Here’s the good news. Unless specified by your loan type or lender, it’s typically not required to put 20% down. This means you could be closer to your homebuying dream than you realize.
According to NAR, the median down payment hasn’t been over 20% since 2005. In fact, the median down payment for all homebuyers today is only 14%. And it’s even lower for first-time homebuyers at just 6% (see graph below):
What does this mean for you? It means you may not need to save as much as you originally thought.
Learn About Options That Can Help You Toward Your Goal
And it’s not just how much you need for your down payment that isn’t clear. There are also misconceptions about down payment assistance programs. For starters, many people believe there’s only assistance available for first-time homebuyers. While first-time buyers have many options to explore, repeat buyers have some, too.
According to Down Payment Resource, there are over 2,000 homebuyer assistance programs in the U.S., and the majority are intended to help with down payments. That same resource goes on to say:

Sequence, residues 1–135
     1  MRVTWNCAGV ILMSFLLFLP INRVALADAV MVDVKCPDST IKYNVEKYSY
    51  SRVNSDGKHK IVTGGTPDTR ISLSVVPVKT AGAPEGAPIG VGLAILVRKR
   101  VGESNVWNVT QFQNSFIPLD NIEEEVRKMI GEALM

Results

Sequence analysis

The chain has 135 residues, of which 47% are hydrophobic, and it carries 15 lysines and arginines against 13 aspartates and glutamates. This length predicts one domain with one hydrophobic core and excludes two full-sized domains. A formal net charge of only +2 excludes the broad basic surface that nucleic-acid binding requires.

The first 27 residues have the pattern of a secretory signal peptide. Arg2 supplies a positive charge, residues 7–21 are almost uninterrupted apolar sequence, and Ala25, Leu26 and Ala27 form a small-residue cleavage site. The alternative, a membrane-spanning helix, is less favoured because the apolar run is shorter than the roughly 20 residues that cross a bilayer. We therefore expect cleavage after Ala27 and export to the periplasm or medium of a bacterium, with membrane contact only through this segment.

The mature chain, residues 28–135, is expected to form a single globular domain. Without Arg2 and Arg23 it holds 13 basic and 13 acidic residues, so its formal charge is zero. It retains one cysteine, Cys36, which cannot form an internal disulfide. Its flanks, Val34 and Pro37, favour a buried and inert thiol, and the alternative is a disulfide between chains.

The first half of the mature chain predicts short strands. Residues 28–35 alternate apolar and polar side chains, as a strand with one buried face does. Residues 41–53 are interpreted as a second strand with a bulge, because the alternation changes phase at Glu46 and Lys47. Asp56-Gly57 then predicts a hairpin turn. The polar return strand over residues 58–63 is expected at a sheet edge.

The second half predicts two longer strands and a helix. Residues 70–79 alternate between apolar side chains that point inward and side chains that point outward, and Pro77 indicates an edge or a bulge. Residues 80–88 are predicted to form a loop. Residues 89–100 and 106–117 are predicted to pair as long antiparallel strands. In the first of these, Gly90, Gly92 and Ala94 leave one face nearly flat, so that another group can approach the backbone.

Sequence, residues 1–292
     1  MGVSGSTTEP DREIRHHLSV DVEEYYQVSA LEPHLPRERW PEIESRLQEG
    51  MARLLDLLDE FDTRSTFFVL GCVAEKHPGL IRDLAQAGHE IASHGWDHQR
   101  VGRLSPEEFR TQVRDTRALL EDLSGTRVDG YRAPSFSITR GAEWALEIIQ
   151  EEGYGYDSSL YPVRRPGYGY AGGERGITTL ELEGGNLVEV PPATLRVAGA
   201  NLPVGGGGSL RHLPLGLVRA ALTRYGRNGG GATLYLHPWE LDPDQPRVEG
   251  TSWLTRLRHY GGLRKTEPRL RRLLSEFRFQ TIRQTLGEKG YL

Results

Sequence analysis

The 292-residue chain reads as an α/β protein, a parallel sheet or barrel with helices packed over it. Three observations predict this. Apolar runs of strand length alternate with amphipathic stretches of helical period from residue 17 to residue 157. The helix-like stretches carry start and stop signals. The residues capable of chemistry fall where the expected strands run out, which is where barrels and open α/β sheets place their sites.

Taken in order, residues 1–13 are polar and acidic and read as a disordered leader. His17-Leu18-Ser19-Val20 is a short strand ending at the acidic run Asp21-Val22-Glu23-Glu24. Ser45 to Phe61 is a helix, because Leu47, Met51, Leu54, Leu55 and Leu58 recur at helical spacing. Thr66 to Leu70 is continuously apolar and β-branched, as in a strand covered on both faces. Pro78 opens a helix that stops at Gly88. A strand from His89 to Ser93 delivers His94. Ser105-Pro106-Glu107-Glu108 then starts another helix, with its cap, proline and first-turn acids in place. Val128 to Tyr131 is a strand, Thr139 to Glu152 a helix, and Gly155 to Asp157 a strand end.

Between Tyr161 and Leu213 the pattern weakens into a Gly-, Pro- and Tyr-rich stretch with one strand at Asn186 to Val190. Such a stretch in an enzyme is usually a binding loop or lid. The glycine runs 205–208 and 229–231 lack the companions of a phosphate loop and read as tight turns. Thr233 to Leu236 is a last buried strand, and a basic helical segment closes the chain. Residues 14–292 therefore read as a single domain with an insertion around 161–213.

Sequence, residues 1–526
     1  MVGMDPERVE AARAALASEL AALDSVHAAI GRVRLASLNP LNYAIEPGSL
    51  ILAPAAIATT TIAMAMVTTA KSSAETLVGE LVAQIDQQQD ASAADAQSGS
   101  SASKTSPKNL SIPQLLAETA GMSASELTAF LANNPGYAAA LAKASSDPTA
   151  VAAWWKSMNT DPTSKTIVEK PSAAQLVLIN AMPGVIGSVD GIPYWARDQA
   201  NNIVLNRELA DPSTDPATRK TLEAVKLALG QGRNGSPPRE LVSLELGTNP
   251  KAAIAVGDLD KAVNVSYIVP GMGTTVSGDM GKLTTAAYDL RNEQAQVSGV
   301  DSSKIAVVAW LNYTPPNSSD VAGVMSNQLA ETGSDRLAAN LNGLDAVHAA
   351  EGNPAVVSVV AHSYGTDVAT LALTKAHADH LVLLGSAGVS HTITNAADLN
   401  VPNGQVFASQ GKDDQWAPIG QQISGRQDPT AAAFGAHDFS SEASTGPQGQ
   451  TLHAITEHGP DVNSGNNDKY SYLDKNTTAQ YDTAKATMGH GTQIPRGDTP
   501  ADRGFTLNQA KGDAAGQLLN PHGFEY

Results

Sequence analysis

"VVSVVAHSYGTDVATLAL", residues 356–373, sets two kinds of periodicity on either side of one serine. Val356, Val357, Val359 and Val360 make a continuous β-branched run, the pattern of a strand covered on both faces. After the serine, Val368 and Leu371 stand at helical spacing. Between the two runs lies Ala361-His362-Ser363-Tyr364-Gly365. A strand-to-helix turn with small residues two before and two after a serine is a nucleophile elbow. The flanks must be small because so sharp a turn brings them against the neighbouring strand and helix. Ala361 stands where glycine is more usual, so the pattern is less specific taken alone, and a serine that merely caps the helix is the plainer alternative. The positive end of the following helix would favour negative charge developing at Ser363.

“You don’t have to be a first-time buyer. Over 38% of all programs are for repeat homebuyers who have owned a home in the last 3 years.”
Plus, there are even loan types, like FHA loans with down payments as low as 3.5% as well as options like VA loans and USDA loans with no down payment requirements for qualified applicants.
If you’re interested in learning more about down payment assistance programs, information is available through sites like Down Payment Resource. Then, partner with a trusted lender to learn what you qualify for on your homebuying journey.
Remember, a 20% down payment isn’t always required. If you want to purchase a home this year, reach out to a trusted real estate professional to start the conversation about your homebuying goals.
Friday, June 16th, 2023
- If you’re thinking of buying a home this year, be sure to factor in the long-term benefits of homeownership.